WT−4% had only a small and statistically non‐significant effect on the on‐water time trial performance (mean 1.0 second, 95% confidence interval (CI) −0.9 to 2.8; p  =  0.29) compared with UNR. This was despite a significant decrease in plasma volume at the time of weigh in for WT−4% compared with UNR (−9.2%, 95% CI −12.8% to −5.6%; p<0.001).
Acute weight loss of up to 4% over 24 hours, when combined with aggressive nutritional recovery strategies, can be undertaken with minimal impact on on‐water rowing performance, at least in cool conditions.
PMCID: PMC2491923  PMID: 16371492
making weight; hypohydration; recovery; rowing
9.  Pesticides and inner-city children: exposures, risks, and prevention. 
Environmental Health Perspectives  1999;107(Suppl 3):431-437.
Six million children live in poverty in America's inner cities. These children are at high risk of exposure to pesticides that are used extensively in urban schools, homes, and day-care centers for control of roaches, rats, and other vermin. The organophosphate insecticide chlorpyrifos and certain pyrethroids are the registered pesticides most heavily applied in cities. Illegal street pesticides are also in use, including tres pasitos (a carbamate), tiza china, and methyl parathion. In New York State in 1997, the heaviest use of pesticides in all counties statewide was in the urban boroughs of Manhattan and Brooklyn. Children are highly vulnerable to pesticides. Because of their play close to the ground, their hand-to-mouth behavior, and their unique dietary patterns, children absorb more pesticides from their environment than adults. The long persistence of semivolatile pesticides such as chlorpyrifos on rugs, furniture, stuffed toys, and other absorbent surfaces within closed apartments further enhances urban children's exposures. Compounding these risks of heavy exposures are children's decreased ability to detoxify and excrete pesticides and the rapid growth, development, and differentiation of their vital organ systems. These developmental immaturities create early windows of great vulnerability. Recent experimental data suggest, for example, that chlorpyrifos may be a developmental neurotoxicant and that exposure in utero may cause biochemical and functional aberrations in fetal neurons as well as deficits in the number of neurons. Certain pyrethroids exert hormonal activity that may alter early neurologic and reproductive development. Assays currently used for assessment of the toxicity of pesticides are insensitive and cannot accurately predict effects to children exposed in utero or in early postnatal life. Protection of American children, and particularly of inner-city children, against the developmental hazards of pesticides requires a comprehensive strategy that monitors patterns of pesticide use on a continuing basis, assesses children's actual exposures to pesticides, uses state-of-the-art developmental toxicity testing, and establishes societal targets for reduction of pesticide use.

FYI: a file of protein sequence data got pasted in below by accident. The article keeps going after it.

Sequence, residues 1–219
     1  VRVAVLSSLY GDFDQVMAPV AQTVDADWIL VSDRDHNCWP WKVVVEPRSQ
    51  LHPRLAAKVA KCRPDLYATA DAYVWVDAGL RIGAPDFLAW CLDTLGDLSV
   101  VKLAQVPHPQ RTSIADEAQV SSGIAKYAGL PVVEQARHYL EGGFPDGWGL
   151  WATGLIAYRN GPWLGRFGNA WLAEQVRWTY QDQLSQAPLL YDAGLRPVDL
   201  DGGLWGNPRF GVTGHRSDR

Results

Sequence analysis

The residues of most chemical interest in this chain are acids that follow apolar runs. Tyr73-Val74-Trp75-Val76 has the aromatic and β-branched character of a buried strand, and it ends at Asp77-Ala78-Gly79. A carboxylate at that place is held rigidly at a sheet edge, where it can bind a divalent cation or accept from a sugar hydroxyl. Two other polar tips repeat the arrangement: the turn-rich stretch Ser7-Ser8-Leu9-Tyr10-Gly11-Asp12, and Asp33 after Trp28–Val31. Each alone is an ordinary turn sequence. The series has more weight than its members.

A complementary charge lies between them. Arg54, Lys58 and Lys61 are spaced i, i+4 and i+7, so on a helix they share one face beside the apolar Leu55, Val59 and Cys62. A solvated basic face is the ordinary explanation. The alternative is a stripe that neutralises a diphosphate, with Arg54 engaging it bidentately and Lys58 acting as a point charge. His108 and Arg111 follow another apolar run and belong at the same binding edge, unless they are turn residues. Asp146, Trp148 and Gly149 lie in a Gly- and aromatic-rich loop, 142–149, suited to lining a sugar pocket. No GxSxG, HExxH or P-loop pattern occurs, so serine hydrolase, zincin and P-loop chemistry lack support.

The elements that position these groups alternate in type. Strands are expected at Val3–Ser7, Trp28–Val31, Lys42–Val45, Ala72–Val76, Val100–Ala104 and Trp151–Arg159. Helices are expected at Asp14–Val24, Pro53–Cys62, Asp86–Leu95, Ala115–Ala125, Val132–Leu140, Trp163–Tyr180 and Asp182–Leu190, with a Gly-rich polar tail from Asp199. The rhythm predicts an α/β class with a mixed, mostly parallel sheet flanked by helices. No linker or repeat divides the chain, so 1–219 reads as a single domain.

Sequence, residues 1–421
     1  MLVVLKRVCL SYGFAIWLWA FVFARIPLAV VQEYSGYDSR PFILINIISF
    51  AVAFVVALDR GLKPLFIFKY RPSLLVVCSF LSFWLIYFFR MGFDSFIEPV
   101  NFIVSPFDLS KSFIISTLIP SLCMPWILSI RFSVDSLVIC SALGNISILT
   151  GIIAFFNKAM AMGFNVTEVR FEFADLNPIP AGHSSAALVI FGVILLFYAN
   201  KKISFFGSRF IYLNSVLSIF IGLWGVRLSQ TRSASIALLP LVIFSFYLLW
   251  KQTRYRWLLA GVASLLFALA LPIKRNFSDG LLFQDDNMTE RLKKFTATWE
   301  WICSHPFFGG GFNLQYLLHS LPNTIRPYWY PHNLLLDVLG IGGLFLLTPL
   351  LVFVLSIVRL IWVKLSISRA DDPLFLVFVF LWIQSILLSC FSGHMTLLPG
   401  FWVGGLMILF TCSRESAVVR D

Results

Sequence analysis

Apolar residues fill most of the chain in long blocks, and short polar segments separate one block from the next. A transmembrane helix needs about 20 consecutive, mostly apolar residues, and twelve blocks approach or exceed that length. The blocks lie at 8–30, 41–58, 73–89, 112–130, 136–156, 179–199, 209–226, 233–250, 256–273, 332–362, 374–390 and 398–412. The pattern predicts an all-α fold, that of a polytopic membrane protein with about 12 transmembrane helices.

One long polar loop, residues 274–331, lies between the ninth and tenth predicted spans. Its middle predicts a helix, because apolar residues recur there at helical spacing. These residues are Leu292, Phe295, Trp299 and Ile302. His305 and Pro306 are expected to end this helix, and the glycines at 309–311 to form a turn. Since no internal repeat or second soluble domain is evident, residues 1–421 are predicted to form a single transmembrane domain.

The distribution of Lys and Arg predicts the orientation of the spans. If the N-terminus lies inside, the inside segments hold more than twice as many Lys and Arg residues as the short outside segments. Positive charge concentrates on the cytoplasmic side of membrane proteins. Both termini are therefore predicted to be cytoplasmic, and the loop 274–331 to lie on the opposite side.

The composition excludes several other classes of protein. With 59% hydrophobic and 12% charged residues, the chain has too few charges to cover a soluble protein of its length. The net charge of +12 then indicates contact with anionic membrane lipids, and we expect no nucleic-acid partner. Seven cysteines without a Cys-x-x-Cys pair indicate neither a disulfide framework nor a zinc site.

PMCID: PMC1566233  PMID: 10346991
10.  Inexpensive probes for the determination of body temperature. 
Two-terminal integrated circuit temperature transducers (Analog Devices' AD 590) were used to fabricate skin and rectal probes for the monitoring of mean body temperature. They are inexpensive, robust, easily constructed and of low mass. The skin sensor system described is capable of being solidly attached regardless of the body contour such that it remains integral throughout profuse sweating and vigorous movement. Both types of probe are stable, accurate to within +/- 0.05 degree C over the physiological range of measurement and exhibit 100% response times of approximately 60 s to a square wave stimulus of 10 degrees C.